Resume tips and LinkedIn tricks from Craig Fisher, personal brand pro

Do you ever find that submitting your resume to an online application is like dropping it into a black hole?  Maybe your resume isn’t getting the attention it should.

Your odds of getting an interview go way up when a recruiter or hiring manager can find your resume easily online.  Especially if they can find what they are looking for in it quickly and easily.

Skill keywords are crucial for getting your resume noticed.  Where they are placed is equally important.  You must explain properly what you have done and for whom.

At the top of your resume in the summary area, you should list the required skills for the job for which you are applying.  Next to each of these, you should list the number of years experience you have with that skill.  If you have no experience with that skill, just say so, or say “knowledge of” or “training in.”  Also list any core skill that you possess that may be relevant to that job with the years experience next to it. Ditch the generic summary at the top of your resume.

Make sure each skill that you have listed at the top is also shown in the body of the resume in each job where you used that skill so that the reader can see where and how you used each of these skills.  Under each job description, have a summary of skills used.  List the skills again, along with any other skills that were used during that job.

After the title and company name for each job description in the body of your resume, write a short paragraph with details about what the company is and does, and what your main job duty was there.  Although you may think it’s obvious, not every reader of your resume will understand what that company is and what your role was unless you spell it out specifically.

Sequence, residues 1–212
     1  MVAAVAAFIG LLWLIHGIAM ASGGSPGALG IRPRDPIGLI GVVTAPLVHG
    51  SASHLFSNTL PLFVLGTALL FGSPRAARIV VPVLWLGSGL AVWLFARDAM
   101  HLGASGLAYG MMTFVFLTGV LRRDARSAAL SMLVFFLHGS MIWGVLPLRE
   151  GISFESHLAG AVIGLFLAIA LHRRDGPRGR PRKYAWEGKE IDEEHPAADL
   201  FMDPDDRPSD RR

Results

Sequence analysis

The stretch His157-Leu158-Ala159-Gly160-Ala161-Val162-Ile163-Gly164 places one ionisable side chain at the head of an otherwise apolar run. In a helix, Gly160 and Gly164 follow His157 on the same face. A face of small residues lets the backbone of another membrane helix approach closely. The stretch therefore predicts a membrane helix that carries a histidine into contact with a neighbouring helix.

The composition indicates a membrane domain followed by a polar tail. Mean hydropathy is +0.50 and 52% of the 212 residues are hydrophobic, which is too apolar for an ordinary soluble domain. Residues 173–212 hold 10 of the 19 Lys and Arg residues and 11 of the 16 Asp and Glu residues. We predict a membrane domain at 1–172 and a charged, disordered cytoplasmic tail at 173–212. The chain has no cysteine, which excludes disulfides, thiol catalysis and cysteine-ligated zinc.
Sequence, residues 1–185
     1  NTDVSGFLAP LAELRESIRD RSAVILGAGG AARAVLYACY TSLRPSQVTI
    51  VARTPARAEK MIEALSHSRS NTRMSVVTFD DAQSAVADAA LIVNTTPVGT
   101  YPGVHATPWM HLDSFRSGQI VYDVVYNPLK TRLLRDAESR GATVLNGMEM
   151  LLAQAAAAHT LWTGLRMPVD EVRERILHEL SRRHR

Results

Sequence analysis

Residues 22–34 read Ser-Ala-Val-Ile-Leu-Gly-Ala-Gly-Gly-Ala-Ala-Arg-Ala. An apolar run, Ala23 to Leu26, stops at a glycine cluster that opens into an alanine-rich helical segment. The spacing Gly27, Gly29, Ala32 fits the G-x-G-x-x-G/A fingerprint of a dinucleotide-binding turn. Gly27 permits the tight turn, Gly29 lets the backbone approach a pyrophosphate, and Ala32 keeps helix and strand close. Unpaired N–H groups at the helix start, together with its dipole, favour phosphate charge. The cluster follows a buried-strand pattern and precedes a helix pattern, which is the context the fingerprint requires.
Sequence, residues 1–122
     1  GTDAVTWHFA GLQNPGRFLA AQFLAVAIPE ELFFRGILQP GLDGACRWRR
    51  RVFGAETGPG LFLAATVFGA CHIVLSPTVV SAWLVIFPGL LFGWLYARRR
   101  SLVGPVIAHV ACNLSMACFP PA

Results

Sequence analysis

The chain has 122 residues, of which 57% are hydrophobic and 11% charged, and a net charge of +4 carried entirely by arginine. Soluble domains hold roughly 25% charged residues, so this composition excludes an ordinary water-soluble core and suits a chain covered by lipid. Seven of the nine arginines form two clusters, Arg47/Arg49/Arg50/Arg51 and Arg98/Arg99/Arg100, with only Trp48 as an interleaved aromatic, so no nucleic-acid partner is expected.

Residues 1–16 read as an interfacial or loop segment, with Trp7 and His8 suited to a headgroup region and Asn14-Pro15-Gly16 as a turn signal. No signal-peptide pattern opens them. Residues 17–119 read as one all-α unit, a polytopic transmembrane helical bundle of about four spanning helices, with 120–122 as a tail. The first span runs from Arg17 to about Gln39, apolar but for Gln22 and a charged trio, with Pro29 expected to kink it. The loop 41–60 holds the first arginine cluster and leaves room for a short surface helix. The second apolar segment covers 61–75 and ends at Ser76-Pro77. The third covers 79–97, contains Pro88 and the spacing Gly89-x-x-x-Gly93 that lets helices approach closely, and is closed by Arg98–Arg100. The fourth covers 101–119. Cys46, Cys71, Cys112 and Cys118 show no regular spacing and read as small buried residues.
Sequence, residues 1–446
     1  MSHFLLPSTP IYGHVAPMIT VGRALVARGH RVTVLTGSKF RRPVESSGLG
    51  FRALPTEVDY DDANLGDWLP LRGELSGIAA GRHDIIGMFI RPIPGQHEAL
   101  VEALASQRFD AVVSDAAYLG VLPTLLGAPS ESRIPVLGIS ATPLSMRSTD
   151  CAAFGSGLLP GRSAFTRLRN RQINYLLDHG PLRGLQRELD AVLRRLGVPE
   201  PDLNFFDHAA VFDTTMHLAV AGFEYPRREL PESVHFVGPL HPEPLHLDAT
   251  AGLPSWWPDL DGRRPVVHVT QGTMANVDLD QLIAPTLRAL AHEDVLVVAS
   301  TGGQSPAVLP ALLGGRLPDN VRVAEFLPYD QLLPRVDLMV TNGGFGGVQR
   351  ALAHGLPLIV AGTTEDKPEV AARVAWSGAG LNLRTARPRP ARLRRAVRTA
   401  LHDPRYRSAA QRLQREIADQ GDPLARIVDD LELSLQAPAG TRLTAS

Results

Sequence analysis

Don’t make the reader do any extra work (like having to click a link to find out more about a company you worked for) to understand exactly what you did and for whom.
In your bullet points under that short paragraph do not just list what you were responsible for.  List accomplishments.  Use numbers and descriptive words to show what your impact was.  “Increased sales” is not enough.  “Increased sales by 15% over 6 months” is better.

Repeat everything you have now done on your resume in your LinkedIn profile.  Use the information that you might include in a cover letter in the top summary portion of your LinkedIn profile.  Include your keywords there, too.  Start the “skills used” section under each job description with your name, like this:

Craig Fisher: Talent Acquisition Manager, Talent Attraction Strategist, Recruiting/Sales Manager, Sales, Business Development, Recruiter, Headhunter, Executive Search, Staff Augmentation, Information Technology Consulting Services; Contract, Temp-to-Perm / Contract-to-Hire, & Full-Time Staffing Recruiting; Executive Search. CIO, CFO, CEO, ERP, Oracle, SAP, Peoplesoft, .Net Application Developers, Project Managers, Business Analysts, DBAs, Software Package Installation/Configuration, Social Media Recruiting/Branding/Twitter Strategy Training

You need keywords that will be specific to what you do in order to help separate your resume from the thousands of resumes that are less specific.  A good recruiter will narrow their search with less generic keywords.  Having these listed multiple times in your resume will help it come up at the top of the search results in Google, Linkedin, Job Boards, and company databases.

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Craig FisherAuthor: Craig Fisher
Connect with me on LinkedIn here